Because of my own experience with wracking grief, the core of the work I do is helping people get to the root of and work with grief and other intense emotions. I’ve gathered solid information about how intense emotions work in your brain, body, and soul, to help you discern which tools will effectively calm your agitated mind, soothe your aching soul, and inform actions that feel right to you. And to help you understand why different tools will work for you, or not.

In the midst of all the uncertainty and fear that surrounds the coronavirus crisis we’re living through together, we have a f***ing opportunity to learn about and care for our deep, true, soulful selves.

If we can bear to befriend and tend our deepest vulnerability, we can discover our courage, our strength, and our connections with others that cannot be severed.

We’re gonna need all the strength and courage we can get as we make it through the pandemic itself, and its aftermath.


So I’m here with a series of articles that will comprise a complete crash course for understanding and soothing your overwhelming emotions. Please join me here in Part 1 of the series.


Bearing Our Souls, Part 1: Stories Matter

Demystifying people’s behavior helps to regulate it. — Stephen Porges

We live in a culture that spews praise for resilience and advice for fixing anything that hurts.

In only three weeks since shelter-in-place orders arrived, some of my clients whose bodies tell them they need to slow down, pull in, and rest, feel ashamed because they can’t seem to follow the media’s tips for using their at-home “down-time” to be productive.

Others feel like there’s something wrong with them because following tips for mindfulness practices and gratitude lists that are intended to “inoculate them from anxiety,” inevitably fall short and their fears break through into the open again.

Still others feel ashamed because they feel okay and want to sew masks and clean out their drawers, and they’re afraid they must be hard-hearted because they’re not suffering enough.

Even the folks who understand that the grief that’s part of all this is normal either don’t know how to manage the grief, or feel guilty that they’re grieving “smaller” things than lost jobs or ill relatives.

That’s the problem with a society that doesn’t deal with existential pain:

We’re implicitly fed the idea that there’s a right way and a wrong way to make it through a crisis. And we’re given tools for distracting from hard emotions (since they must be fixed), but not given tools for understanding what the emotions and how to help ourselves express and manage them.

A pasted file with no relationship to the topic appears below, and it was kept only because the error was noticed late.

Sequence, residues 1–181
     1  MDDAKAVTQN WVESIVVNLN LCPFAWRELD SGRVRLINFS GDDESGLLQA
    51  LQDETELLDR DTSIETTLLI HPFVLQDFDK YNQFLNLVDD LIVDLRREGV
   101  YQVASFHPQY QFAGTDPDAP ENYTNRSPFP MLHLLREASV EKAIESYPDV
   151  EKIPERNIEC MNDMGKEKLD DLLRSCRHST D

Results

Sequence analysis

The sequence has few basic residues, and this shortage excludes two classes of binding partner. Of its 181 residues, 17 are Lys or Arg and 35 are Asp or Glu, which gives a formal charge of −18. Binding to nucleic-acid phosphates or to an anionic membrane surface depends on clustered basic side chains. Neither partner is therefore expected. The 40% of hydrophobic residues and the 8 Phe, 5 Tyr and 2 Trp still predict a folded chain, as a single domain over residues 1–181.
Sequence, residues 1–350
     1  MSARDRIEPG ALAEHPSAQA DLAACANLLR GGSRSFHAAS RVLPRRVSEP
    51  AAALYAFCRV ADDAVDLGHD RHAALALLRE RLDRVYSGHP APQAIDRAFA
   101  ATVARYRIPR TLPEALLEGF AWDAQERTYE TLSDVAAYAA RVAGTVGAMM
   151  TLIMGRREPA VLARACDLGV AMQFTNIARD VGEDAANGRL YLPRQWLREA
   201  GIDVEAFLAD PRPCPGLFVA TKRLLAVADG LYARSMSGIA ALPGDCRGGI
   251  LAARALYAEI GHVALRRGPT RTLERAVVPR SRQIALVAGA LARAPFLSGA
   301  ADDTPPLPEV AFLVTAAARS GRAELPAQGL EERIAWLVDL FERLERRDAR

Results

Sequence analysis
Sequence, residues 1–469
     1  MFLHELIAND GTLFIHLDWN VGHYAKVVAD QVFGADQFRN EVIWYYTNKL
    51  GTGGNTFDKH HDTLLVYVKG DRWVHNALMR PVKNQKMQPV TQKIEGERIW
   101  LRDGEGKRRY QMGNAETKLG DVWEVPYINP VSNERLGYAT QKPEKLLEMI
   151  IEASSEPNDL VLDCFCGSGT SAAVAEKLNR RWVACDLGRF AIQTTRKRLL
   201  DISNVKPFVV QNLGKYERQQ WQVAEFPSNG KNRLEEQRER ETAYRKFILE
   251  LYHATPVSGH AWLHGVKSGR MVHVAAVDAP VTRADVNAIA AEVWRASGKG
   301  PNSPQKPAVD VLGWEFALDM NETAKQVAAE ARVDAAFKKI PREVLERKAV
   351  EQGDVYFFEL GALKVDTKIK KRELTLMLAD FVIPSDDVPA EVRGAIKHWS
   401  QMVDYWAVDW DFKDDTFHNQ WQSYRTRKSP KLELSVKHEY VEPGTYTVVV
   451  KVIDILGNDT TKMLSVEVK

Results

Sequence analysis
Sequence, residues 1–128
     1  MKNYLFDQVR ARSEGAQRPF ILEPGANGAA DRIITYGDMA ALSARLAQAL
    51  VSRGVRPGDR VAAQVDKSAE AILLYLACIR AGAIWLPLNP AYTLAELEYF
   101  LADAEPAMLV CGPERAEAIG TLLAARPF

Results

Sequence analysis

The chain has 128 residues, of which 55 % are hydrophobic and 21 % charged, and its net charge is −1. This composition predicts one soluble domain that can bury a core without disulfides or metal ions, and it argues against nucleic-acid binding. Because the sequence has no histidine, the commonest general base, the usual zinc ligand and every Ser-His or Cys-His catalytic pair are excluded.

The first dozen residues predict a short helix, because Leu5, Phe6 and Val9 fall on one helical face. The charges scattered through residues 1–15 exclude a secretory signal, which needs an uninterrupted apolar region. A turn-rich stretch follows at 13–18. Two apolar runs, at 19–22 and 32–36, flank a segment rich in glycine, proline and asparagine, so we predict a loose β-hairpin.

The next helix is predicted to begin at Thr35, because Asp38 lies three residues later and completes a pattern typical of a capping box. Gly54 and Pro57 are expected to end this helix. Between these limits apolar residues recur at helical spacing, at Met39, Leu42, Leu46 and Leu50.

These stories our culture tells us about emotions are disempowering and shaming. We’re missing accurate stories about what’s happening to us when we face difficult situations and feelings that won’t go away, stories that empower us and help us to feel soothed.

What Makes an Accurate Story?

Stephen Porges is a scientist who describes what happens in your body and nervous system when you get scared. He describes how when something traumatic happens to you (like suddenly and unexpectedly being ordered to stay at home and distance yourself from all of your social connections in order to protect yourself and your loved ones from a deadly disease), your body and your emotional self (accurately) perceive danger.

When your nervous system perceives intense danger like this, it naturally generates extreme and chaotic-feeling fight/flight and shutting-down physical and emotional reactions as protections against the danger.

That is, your body and emotions respond to your perceived dangerous circumstances first on a survival level, beyond any thought or plan. Then, because your emotional, physical, and behavioral responses may be bizarre-looking and unfamiliar, you (as a meaning-making creature) create elaborate stories to make sense of what your body and emotions are doing.

The stories you create to explain your painful emotions, body states, and behaviors are usually unconscious and unspoken. You’re unaware of the fact that you’ve made up a story to explain what’s happening to you.

The important thing to realize about these stories is that they play a crucial role in whether you become afraid of your emotions (and thus make them worse), or whether you can reflect on your emotions, and so express them, make meaning of them, and allow them to heal you.